Religion and the Roots of Climate Change Denial
On April 8 the Boisi Center hosted Texas Tech University’s Katharine Hayhoe t o address the topic of “Religion and the Roots of Climate Change Denial.” Co-sponsored by the Institute for the Liberal Arts, the Department of Earth & Environmental Sciences, and the Environmental Studies Program, the event generated much buzz on campus and—thanks in part to actor and environmentalist Don Cheadle’s tweets about it—online, as hundreds tuned in to watch the live-streamed event.
In her talk Hayhoe argued that science and religion are complementary rather than alternative approaches to climate change. Science is about facts, whereas religion is about belief. “To not believe in climate change is akin to not believing in gravity,” she said; these observable phenomena are simply not a matter of belief. But when couched in the language of belief, climate change can be seen by some Christians as in competition with religion, which in turns leads people to presume that one cannot be Christian and also accept the scientific consensus around climate change. Indeed, polls show that scientists are actually more likely than academics in general to identify with a particular religious label.
A central theme of Hayhoe’s talk was that the source of climate change denial in this country is not religion so much as political ideology and party affiliation. Claims put forth by religious climate deniers misinterpret Scripture and the notion of God’s sovereignty, which can- not be interpreted in a way that denies human responsibility as stewards of creation.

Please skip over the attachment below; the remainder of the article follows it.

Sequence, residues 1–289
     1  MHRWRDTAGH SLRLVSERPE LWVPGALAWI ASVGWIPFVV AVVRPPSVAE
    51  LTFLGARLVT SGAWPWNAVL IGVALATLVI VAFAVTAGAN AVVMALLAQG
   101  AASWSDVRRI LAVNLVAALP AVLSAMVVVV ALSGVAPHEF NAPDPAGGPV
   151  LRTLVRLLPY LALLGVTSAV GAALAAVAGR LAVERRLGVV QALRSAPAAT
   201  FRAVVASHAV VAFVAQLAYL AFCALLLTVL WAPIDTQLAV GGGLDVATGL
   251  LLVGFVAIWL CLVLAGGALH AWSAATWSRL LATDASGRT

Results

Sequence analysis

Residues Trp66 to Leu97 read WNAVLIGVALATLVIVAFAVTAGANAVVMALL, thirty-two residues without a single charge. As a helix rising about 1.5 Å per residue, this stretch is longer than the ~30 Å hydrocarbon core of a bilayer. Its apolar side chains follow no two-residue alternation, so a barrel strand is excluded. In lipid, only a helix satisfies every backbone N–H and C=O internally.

Citing Galatians 5:6 and 2 Timothy 1:7, Hayhoe argued that faith requires love through action, and especially action that utilizes the mind that God has given to humans. In this way, religion can be part of the solution: We need science to inform us about the problem of climate change, but we need our values to drive us toward a solution. These solutions will challenge the social and economic foundations of our lives, and thus require radical action, which Hayhoe likened to a form of “modern-day abolitionism.” She emphasized the need to reach out to the faithful who are open to learning from science, rather than those who dismiss it dogmatically.
Boston College theology professor Stephen Pope then offered a Catholic theological perspective on the topic. Striking a similar note to Hayhoe’s, Pope explained that climate change is the central moral challenge of our time, and he outlined principles of Catholic moral teaching that can motivate action. He cited St. Thomas Aquinas in reiterating Hayhoe’s point that the sovereignty of God over creation is not threatened but rather strengthened by human autonomy and action. He also cited the long tradition in Catholic thought dating to St. Augustine of viewing science as a source of truth that should inform our reading of Scripture. When natural science demonstrates something contrary to what is written in Scripture, one ought to defer to science. Accordingly, the last three popes have spoken out strongly in favor of action on climate change as a moral imperative.
Pope expressed hope that Francis’s forth- coming encyclical might help to motivate faith-based action. Pope, like Hayhoe, highlighted the relative silence of Evangelical Protestant and Catholic churches, and emphasized the need for priests and pastors to talk about climate change in homilies and sermons.
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In the News
Katharine Jefferts Schori, presiding bishop of the U.S. Episcopal Church (and former oceanographer), recently said that climate change denial amounts to a denial of God's gift of knowledge.